A yearling Shetland filly will be making an epic trip from her birthplace on Orkney to California, where she will help found a new stud.

Hools Elberry’s purchase will be the most significant export in the history of Hools Shetland Pony Stud, which is celebrating both its 60th anniversary and the 95th birthday of founder Ivy Cromarty this year.

The black filly, bred by Ivy’s granddaughter Kelly Peace, has been selected to go to the US thanks to her rare bloodlines — combining the Hools stallion Hools Rising High with the dispersed Westpark Stud’s Westpark Ebony Rose.

“I was approached last year through our website by Deneb Davis who was looking to start her own stud in the States — she already owns some Fells so I think she’s a fan of British natives,” explained Kelly. “We’ve been in contact for over a year seeing what foals we had coming up for sale and what lines she was particularly interested in.

“I’m always happy to talk about the breed and answer questions but in the beginning I took her interest in buying a pony with a pinch of salt — you always think these things are never actually going to happen. But now it’s really happening.

“I think what attracted her is that there are not many of the Westpark line remaining and Hools Rising High is establishing himself as a good ridden performance pony,” she added.

Elberry will begin her long journey this week, being picked up from her door by transport company ETA.

“I’m not worried about her making the trip at all as she’s the ideal pony. She has so much presence and character and is very confident, a real people person” said Kelly. “I have her whole itinerary including her flight number and I can track her flight online, so on the day I’ll probably be doing that!”

The pony will travel from Orkney to her first rest stop at the Scottish borders, then journey via Birmingham to Dover, Calais and Amsterdam before catching a trans-Atlantic flight to Los Angeles.

“It’s amazing she’ll be going all the way from a tiny little island to America — there are a lot of Shetland studs and could have picked any one of them. My granny exported a pony to Denmark and one to Holland many years ago but never this far away,” Kelly said.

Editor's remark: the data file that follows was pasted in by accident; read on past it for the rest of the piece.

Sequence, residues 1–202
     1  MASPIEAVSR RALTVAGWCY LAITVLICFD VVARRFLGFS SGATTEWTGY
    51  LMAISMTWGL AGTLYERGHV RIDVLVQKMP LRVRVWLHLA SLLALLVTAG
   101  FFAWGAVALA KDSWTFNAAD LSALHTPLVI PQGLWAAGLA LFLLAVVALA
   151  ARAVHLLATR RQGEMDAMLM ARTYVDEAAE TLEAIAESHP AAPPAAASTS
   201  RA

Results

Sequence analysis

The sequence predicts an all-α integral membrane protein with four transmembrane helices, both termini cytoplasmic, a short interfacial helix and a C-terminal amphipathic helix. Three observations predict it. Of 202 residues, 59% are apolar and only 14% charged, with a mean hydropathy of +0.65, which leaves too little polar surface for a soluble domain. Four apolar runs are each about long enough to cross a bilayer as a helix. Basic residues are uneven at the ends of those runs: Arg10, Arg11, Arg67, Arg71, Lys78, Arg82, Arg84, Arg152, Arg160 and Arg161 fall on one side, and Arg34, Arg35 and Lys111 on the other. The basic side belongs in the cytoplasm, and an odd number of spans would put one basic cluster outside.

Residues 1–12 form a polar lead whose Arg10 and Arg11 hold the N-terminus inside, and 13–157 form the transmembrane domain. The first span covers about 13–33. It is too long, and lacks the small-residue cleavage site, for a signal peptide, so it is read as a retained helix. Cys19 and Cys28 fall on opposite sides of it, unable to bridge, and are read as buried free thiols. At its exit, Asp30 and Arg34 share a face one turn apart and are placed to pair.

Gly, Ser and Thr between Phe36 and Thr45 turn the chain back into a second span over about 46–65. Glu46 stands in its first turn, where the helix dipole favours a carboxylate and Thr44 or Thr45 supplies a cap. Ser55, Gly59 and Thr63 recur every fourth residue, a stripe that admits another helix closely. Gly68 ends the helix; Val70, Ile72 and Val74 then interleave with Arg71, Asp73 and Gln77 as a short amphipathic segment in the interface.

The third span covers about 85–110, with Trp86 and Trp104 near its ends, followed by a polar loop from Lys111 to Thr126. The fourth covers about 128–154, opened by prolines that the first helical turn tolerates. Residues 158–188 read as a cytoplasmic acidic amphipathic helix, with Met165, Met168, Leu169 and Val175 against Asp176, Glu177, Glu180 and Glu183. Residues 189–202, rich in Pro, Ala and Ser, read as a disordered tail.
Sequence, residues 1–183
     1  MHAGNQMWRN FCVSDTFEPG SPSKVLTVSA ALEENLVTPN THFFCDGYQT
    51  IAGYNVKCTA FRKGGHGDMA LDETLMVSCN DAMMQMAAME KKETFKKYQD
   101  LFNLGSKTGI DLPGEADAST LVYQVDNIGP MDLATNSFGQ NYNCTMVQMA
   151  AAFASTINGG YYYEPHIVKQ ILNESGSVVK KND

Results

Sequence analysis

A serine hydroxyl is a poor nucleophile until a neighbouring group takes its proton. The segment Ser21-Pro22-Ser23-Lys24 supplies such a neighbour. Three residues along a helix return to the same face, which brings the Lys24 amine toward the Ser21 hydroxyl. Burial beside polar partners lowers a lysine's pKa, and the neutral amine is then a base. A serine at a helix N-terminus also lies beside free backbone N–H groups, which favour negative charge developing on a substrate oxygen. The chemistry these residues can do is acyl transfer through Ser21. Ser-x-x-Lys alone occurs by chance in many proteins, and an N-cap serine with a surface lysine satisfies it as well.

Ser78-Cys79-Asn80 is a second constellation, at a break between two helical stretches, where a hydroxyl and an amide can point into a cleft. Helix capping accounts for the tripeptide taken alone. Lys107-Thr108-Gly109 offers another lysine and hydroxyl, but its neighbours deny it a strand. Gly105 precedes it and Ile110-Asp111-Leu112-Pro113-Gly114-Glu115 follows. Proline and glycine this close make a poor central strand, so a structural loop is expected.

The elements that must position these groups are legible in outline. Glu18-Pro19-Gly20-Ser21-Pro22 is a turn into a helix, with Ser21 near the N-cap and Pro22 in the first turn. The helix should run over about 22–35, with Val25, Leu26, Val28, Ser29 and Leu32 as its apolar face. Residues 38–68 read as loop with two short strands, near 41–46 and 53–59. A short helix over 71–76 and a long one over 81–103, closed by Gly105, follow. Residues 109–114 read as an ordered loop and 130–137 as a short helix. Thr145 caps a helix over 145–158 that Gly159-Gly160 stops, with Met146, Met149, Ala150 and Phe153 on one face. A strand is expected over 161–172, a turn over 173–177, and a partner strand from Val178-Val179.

“It would be lovely to go over and visit one day once the stud is up and running.”

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Hools focuses on producing black up-to-height ponies (the maximum for a Shetland is 42”) who will be able to find a job in riding or driving, and Kelly breeds five or six foals a year.

Elberry’s sire Rising High is being produced in England by Debbie Barr and has qualified for this year’s semi-finals for Olympia, as well as winning the confined novice and pure novice ridden at the National Pony Society final championships in Leicestershire.

“All our ponies have gone down the performance line — it’s nice for them to be doing something,” Kelly added. “I believe as a breeder, your responsibility to find your ponies a job they’re good at.

“We’ve never gone with fashions and have always focused on quality. All of our ponies are big and black and it seems to be what people are wanting at the moment — we’ve actually had to turn away quite a few people looking for ridden ponies as we don’t have enough ready.”

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In this week’s magazine, out 19 April, don’t miss our special report from the British Dressage Winter Championships, plus full analysis from the Grand National — including expert comment, pictures and more. Read our report from the dressage and showjumping World Cup finals, and in this week’s ‘vet clinic’ we discuss the facts about fitness.